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Off Road Part 3: Maneuvering

Knowing what obstacles you may face off-road will help prepare you to navigate through them. Tires have the most traction when pointed in a straight line, so it's important to always know which way your tires are facing.

DRIVING DOWNHILL

  • First things first – before you begin your downhill climb, get out and scout your descent so you can prepare for whatever may be in your path.
  • Know your tires' position. Don't rely on your steering wheel to tell you which way your tires are pointing because it could be completely turned around. The best way to tell your tires' direction is the old-fashioned way – stick your head out the window and look at them. Make sure your wheels are properly aligned with our wheel alignment service.
  • Put your vehicle in 1st gear (see Part 1: Gears for more information).
  • Keep your tires pointed straight downhill, and use minimal (or no) braking. As described in Part 1, 1st gear gives you a lot of natural engine braking, so you shouldn't need to brake much, if at all.

DRIVING UPHILL

  • Look behind you and determine your "back-up plan". That way, if you are unable to make it up the hill, you'll know what you're reversing into.
  • Put your car in 3rd gear (see Part 1: Gears for more info).
  • Keep steady pressure on the gas pedal. How hard will depend on the severity of the terrain.
  • Keep your tires straight. If you need to do the window test, do it before you start climbing.
  • Build steady momentum on the flat and bottom third of the hill.
  • Maintain a healthy momentum in the middle of the climb.
  • Ease off the gas in the top third of the climb if traction is being lost. By backing off, you'll get less torque and more traction. You'll also want to ease off the gas at the top of the hill because you don't want to launch the vehicle over the crest of the hill, especially if you don't know what's on the other side.

FAILED CLIMB

  • Know your tires' position. Remember, you can always do the window test if needed.
  • Left-foot brake to stop spinning your wheels, select reverse and release the brake. This step is critical, so study it carefully. Brake-stop-reverse. Never roll backward using the momentum of the car.
  • Keep your tires straight while reversing, and be prepared to use the gas pedal if necessary. If the incline is steep and you begin to slide, you may need to apply a little throttle and accelerate to regain traction and steering control of the vehicle.

FAILED DESCENT

  • Make sure your vehicle is in 1st gear.
  • Keep tires pointed downhill (counter steering if necessary).
  • If you begin to slide, you may need to apply a little throttle and accelerate to regain traction and steering control of the vehicle.

SIDE SLOPES

  • Put your car in 1st gear.
  • Gently use your controls – no sudden movements.
  • Prepare for the worst – if you feel like you're going to roll over, steer downhill and accelerate until you regain control.
  • Avoid any uphill bumps and downhill holes to maintain traction and balance.
  • Keep your body level with the seat. In other words, don't be tempted to turn your head upright. You need your eyes to stay even with the car's slant so you can maintain an accurate point of view and be able to react accordingly.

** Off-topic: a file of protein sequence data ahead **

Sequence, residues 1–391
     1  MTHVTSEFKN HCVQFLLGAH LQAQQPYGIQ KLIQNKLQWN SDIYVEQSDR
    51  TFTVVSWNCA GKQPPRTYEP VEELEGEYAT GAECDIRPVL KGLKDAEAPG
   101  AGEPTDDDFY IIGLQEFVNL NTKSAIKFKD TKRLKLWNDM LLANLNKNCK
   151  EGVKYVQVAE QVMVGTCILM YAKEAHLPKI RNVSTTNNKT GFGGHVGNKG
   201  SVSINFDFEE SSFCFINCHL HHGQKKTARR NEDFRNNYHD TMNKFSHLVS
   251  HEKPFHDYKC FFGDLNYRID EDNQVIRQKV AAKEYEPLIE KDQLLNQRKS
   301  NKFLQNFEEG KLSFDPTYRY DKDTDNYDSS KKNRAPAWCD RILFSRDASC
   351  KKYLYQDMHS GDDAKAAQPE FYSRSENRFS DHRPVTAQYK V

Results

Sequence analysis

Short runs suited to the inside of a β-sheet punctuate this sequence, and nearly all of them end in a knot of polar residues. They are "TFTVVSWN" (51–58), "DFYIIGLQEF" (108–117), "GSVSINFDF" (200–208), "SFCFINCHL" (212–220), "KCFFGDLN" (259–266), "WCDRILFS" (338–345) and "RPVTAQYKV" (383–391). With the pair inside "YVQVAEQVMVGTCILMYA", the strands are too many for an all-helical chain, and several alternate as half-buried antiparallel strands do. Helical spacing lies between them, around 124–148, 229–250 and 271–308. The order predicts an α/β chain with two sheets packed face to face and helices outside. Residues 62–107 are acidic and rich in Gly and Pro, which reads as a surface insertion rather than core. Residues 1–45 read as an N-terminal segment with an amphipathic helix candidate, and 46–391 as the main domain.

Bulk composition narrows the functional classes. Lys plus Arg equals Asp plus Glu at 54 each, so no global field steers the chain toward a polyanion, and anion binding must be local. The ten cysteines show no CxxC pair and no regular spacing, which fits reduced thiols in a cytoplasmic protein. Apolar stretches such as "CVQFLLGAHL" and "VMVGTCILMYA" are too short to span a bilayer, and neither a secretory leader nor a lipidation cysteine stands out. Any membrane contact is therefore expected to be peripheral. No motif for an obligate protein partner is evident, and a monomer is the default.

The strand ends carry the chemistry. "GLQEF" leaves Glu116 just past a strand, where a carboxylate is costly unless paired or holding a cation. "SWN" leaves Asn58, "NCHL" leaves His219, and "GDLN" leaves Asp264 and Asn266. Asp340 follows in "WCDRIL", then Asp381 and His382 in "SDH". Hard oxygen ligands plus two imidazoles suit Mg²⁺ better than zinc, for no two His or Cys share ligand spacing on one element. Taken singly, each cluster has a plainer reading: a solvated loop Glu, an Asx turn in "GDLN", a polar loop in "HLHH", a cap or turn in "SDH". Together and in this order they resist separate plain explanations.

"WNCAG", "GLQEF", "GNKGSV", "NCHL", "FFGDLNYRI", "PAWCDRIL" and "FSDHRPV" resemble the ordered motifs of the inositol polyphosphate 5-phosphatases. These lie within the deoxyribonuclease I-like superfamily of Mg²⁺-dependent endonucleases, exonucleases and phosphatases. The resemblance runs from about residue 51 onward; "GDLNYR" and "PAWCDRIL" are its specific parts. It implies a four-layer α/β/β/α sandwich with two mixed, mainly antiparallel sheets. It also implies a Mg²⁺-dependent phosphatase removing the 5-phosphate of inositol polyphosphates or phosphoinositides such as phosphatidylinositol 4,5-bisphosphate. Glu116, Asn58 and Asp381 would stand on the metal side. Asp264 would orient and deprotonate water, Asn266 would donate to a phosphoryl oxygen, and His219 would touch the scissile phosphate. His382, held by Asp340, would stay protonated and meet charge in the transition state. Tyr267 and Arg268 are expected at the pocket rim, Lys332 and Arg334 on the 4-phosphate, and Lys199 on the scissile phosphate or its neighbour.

RUTS

  • Know your vehicle's ground clearance before you drive through a rut, so you don't damage critical components on the underside of the vehicle. In simplest terms, drive so that the low point of the vehicle is away from the high point of the ground.
  • Keep the direction of your front tires in mind at all times. They should be pointed straight ahead whenever possible.
  • Depending on the surface you're navigating, "sawing the wheel" may be a consideration (See Part 2: Controls for more info). Using this technique on the appropriate surface can result in gaining the extra traction you need to keep you moving forward. For example, sawing the wheel in a muddy rut can help you dig down to harder material below, gain traction and keep moving forward. However, using this technique in a soft, sandy soil with no "bottom" will only result in digging yourself down to a point where you become hopelessly stuck.
  • The highest gear that the vehicle is capable of going up a hill or through mud in is the gear you're going to use when you approach low traction situations like these – typically 3rd gear in an auto transmission.
  • When you're ready to get to higher ground, look for places where the ruts are less deep. If no place exists and the sides of the rut are too steep to negotiate, good old-fashioned digging is probably your best bet. By placing extra dirt in front of your tires, you'll have the height you need to get out of the rut and onto more even ground.

CROSSING DITCHES

  • Plan your crossing before you commit.
  • Always cross ditches at a 45-degree angle. This approach allows tires to cross one at time, giving you the most control and ground clearance.
  • Vehicles have more parts sticking out from the back than from the front, which means just because you clear the front half of your vehicle, you're not guaranteed to clear the rear.

Read more off-road driving tips – Part 2: Taking Control and Part 1: Gears.

Check out the off-road video featuring the BF Goodrich Mud Terrain boulder crawl.

Before you head out on the open road, be sure your off-road ride is properly lubed with our fast and affordable oil change service.

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